Gut Microbes Linked to Progression of Neurodegenerative Disorders, Study Finds

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by José Lopes, PhD |

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Microorganisms living in the gut can influence the progression of neurodegenerative diseases through two types of brain cells, and understanding more about how they suppress inflammation could lead to new therapies for diseases such as multiple sclerosis (MS) and Parkinson’s, a study found.

The research, “Microglial control of astrocytes in response to microbial metabolites,” was published in the journal Nature.

Scientists from Brigham and Women’s Hospital (BWH) addressed the influence of gut microbes on two types of central nervous system cells that play key roles in inflammation and degeneration – microglia and astrocytes.

Microglia are the primary immune cells of the central nervous system, or CNS, responsible for clearing cellular debris, plaques, and dead neurons. However, microglia can also release molecules with toxic effects on astrocytes, a cell type with various functions including the formation of the blood-brain barrier and response to injury.

Damaged astrocytes are thought to contribute to MS development and that of other neurologic diseases, including Parkinson’s.

Brigham researchers have previously explored the gut-brain connection to gain insights into MS. Some studies have examined how byproducts from organisms in the gut may promote brain inflammation, but this study is the first to report on how microbial products may act directly on microglia to prevent inflammation.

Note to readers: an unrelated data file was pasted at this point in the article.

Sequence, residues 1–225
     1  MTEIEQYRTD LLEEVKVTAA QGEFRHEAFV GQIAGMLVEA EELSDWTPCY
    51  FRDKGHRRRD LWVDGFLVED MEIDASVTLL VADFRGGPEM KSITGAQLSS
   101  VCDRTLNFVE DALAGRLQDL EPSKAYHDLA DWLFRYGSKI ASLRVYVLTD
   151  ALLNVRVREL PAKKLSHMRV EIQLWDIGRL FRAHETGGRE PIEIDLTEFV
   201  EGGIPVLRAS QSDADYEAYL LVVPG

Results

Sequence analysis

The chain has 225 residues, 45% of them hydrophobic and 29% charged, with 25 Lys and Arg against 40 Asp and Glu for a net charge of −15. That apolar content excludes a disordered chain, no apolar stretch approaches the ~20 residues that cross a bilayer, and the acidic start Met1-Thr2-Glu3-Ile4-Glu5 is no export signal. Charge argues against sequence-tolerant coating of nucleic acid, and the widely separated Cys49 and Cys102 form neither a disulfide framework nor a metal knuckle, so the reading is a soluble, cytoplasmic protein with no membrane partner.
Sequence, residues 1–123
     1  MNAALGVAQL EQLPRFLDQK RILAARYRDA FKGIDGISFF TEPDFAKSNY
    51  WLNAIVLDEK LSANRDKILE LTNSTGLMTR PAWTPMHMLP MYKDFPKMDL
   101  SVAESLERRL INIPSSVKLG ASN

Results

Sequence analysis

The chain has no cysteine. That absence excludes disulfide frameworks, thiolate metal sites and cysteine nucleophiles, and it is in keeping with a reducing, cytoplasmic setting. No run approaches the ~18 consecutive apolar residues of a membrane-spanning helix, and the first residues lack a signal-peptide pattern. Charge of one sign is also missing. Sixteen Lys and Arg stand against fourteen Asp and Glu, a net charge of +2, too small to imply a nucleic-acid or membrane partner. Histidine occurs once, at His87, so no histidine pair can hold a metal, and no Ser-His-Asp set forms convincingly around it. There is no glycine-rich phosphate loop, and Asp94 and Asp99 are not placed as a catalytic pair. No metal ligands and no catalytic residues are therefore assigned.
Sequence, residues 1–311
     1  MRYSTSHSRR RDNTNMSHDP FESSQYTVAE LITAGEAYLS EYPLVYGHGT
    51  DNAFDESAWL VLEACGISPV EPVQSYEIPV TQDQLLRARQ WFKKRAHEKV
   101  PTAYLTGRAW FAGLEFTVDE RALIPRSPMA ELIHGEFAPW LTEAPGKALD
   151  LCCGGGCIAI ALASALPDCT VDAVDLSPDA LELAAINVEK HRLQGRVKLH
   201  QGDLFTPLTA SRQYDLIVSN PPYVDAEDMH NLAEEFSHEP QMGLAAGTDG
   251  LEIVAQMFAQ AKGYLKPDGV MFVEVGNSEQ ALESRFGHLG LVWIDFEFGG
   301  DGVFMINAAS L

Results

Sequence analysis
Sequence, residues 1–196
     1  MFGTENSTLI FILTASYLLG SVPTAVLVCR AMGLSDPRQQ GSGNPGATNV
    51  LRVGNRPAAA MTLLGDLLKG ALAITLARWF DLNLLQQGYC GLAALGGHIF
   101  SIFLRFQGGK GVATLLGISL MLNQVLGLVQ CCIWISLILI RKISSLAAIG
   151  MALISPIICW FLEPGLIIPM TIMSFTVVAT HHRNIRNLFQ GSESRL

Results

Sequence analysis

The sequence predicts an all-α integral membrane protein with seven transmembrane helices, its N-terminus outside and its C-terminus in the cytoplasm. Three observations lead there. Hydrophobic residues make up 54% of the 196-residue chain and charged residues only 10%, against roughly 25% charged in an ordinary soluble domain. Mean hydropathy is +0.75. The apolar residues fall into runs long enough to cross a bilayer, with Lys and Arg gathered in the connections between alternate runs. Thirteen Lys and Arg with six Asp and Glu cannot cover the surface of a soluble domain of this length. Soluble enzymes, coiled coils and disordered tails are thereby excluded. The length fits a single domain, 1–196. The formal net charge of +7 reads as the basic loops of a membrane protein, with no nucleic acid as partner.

Using a mouse model of MS called experimental autoimmune encephalomyelitis (EAE), the team found that microglia release two types of proteins that regulate astrocytes and disease development: TGF-alpha and VEGF-B.

While TGF-alpha limits astrocytes’ detrimental effects and prevents EAE development, VEGF-B has the opposite effect.

Experiments performed in brain samples of humans with MS showed that TGF-alpha and VEGF-B mediate microglia’s regulation of astrocytes and that production of these two proteins correlates with MS lesion stage.

Researchers found that metabolites derived from microbes’ break down of tryptophan – an amino acid, or the building block of proteins, found in turkey, eggs, and salmon – may limit inflammation in the CNS through influence on microglia and regulation of gene expression in astrocytes.

The compounds may cross the blood-brain barrier — a semipermeable membrane that separates brain blood vessels from outside fluid — and ease inflammation and degeneration in the brain.

“These findings define a pathway through which microbial metabolites limit pathogenic activities of microglia and astrocytes, and suppress CNS inflammation,” researchers wrote.

“Now that we have an idea of the players involved, we can begin to go after them to develop new therapies,” Francisco Quintana, PhD, the study’s senior author, said in a press release.

This molecular pathway has recently been linked to Alzheimer’s and glioblastoma. Researchers at BWH are looking at small molecules and probiotics to identify additional elements that participate in the pathway, which could lead to therapy advances in Parkinson’s, MS, and amyotrophic lateral sclerosis (ALS).

The insights gained from the study could guide researchers toward new therapies for neurodegenerative diseases, Quintana said.

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